ImPACKful Tips: How to Write a Better Academic Cover Letter
Everybody has a story. The ability to identify the narrative arc of that story, and share it in a concise and compelling way, is what separates a good cover letter from the slush pile. Want to write an excellent cover letter? Make sure you know—and care—enough about your audience so that you can adapt your storyline to complement theirs.
What is an academic cover letter, and why do I need to write one?
Essentially, the cover letter introduces you to the search committee. (An academic cover letter should be one to two pages long.) It works in tandem with the CV to make an argument about your suitability for the advertised position—in other words, your “fit.”
It is my contention that there are two kinds of search committee members in the world:
- those who start with the CV, and
- those who start with the cover letter.
For that reason, your cover letter needs to stand on its own as a meaningful document. It interprets the timeline you set out in your CV without reiterating it. So if there’s something you want the committee to see in your CV, or understand about you as a candidate, you need to address it in your cover letter.
Think about it this way: your cover letter, working together with your CV, is what persuades the search committee to read the rest of your application package.
What do most cover letters look like and why are they boring?
Most cover letters are, at least in my experience, about the applicant. They focus on what the applicant has done and is currently doing, what the applicant likes or dislikes, and the applicant’s hopes and dreams for the future.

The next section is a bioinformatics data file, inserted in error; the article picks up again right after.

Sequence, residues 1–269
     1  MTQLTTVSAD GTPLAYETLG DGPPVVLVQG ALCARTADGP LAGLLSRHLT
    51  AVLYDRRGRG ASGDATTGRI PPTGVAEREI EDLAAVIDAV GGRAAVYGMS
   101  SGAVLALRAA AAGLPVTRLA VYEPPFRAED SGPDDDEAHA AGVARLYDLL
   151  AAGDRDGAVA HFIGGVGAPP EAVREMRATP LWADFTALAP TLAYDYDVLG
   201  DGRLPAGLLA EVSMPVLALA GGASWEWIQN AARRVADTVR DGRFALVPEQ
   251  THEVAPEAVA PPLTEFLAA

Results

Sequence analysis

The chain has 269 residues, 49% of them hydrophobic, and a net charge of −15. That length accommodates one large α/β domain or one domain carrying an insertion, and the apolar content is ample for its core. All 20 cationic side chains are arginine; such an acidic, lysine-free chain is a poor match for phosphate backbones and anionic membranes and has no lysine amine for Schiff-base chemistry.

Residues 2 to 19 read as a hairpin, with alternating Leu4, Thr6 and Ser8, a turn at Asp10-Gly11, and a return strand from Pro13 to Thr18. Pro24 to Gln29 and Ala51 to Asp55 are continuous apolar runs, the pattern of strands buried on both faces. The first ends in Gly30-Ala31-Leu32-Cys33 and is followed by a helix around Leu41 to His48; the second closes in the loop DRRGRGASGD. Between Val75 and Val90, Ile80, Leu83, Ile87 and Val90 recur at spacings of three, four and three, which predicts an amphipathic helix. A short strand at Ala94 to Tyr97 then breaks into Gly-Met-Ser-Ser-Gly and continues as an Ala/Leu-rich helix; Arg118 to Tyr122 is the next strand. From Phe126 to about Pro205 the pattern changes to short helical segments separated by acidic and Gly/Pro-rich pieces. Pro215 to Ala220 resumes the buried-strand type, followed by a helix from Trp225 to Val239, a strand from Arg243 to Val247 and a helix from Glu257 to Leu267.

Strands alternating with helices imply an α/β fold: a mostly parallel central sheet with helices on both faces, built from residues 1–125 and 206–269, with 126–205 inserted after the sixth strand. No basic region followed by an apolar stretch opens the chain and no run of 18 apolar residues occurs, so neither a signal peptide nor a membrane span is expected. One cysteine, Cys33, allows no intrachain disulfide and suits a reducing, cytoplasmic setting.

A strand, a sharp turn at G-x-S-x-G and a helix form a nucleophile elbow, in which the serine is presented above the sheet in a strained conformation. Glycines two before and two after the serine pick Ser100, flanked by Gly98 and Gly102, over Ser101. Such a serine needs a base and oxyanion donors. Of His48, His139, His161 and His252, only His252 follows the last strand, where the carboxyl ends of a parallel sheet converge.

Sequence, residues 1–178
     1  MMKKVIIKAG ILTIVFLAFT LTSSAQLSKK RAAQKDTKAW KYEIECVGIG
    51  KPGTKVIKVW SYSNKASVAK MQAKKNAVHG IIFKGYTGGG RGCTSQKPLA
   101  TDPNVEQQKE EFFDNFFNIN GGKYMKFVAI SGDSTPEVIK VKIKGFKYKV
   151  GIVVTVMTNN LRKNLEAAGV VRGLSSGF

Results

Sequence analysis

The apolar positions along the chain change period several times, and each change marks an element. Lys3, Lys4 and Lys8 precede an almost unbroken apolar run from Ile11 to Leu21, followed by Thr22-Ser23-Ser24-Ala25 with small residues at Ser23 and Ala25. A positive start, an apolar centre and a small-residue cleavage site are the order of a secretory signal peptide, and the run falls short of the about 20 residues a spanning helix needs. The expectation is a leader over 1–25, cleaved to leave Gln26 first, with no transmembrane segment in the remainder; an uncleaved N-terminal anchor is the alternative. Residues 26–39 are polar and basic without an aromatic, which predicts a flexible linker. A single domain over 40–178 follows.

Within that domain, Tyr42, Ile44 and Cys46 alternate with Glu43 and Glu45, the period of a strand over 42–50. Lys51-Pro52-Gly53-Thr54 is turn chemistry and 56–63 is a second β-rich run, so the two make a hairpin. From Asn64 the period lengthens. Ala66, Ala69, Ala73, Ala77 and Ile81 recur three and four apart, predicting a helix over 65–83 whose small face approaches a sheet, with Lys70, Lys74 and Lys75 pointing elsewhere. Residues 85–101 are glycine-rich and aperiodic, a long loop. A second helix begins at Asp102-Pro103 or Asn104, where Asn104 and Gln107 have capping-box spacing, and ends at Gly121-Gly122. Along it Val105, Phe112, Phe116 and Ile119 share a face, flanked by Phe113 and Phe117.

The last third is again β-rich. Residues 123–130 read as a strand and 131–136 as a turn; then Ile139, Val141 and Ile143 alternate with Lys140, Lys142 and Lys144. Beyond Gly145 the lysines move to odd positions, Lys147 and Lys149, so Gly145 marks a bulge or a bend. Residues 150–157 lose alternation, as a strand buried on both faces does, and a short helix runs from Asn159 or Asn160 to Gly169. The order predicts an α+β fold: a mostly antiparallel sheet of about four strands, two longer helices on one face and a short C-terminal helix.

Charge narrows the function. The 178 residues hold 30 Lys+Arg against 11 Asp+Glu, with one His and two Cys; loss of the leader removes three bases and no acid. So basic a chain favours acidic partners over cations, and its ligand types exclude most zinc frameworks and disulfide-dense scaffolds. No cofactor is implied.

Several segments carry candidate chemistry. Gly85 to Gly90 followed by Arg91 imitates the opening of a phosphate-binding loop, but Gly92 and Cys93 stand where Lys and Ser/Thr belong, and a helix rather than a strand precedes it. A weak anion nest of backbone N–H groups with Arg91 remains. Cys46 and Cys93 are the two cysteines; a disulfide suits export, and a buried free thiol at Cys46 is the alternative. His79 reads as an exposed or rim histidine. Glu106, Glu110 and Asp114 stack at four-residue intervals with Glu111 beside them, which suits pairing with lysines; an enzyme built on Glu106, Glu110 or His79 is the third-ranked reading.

An analogy to the world of dating is apt here: imagine that you’ve met someone who wants to establish a lifelong (tenured or contract renewable!) relationship with you. You’re open to hearing how the two of you will forge a better life together—and then your date starts talking about their amazing qualities, their past relationships, their five-year plan for personal fulfillment, and in the last five minutes of the date they mention that you’re a great listener.
In short, most cover letters are one-sided and therefore, of limited interest to the reader who (in the vast majority of academic job searches) is an actual human.
How do I write a better cover letter?
Step One: Read the job ad carefully & adapt accordingly
The first step is to read the job advertisement very carefully, and then adapt your message accordingly. If, for example, the advertised position is for a 4/4 course load at a teaching-intensive liberal arts college, focusing your cover letter on your cutting-edge research agenda is unlikely to be effective. A better strategy is to address how your research informs your teaching practice and how you would involve undergraduates in a meaningful way.
Conversely, a cover letter for a research-focused position should emphasize past, current, and future research directions as they align with the department’s priorities.
Step Two: Align your experience and future plans with the job description
The order in which the job ad outlines responsibilities and priorities gives you a basic template for your letter. If you find yourself resisting this order—struggling to talk about teaching or research in a way that aligns with the advertised position, for example—it’s a sign that you might not want to invest your time in applying for that position.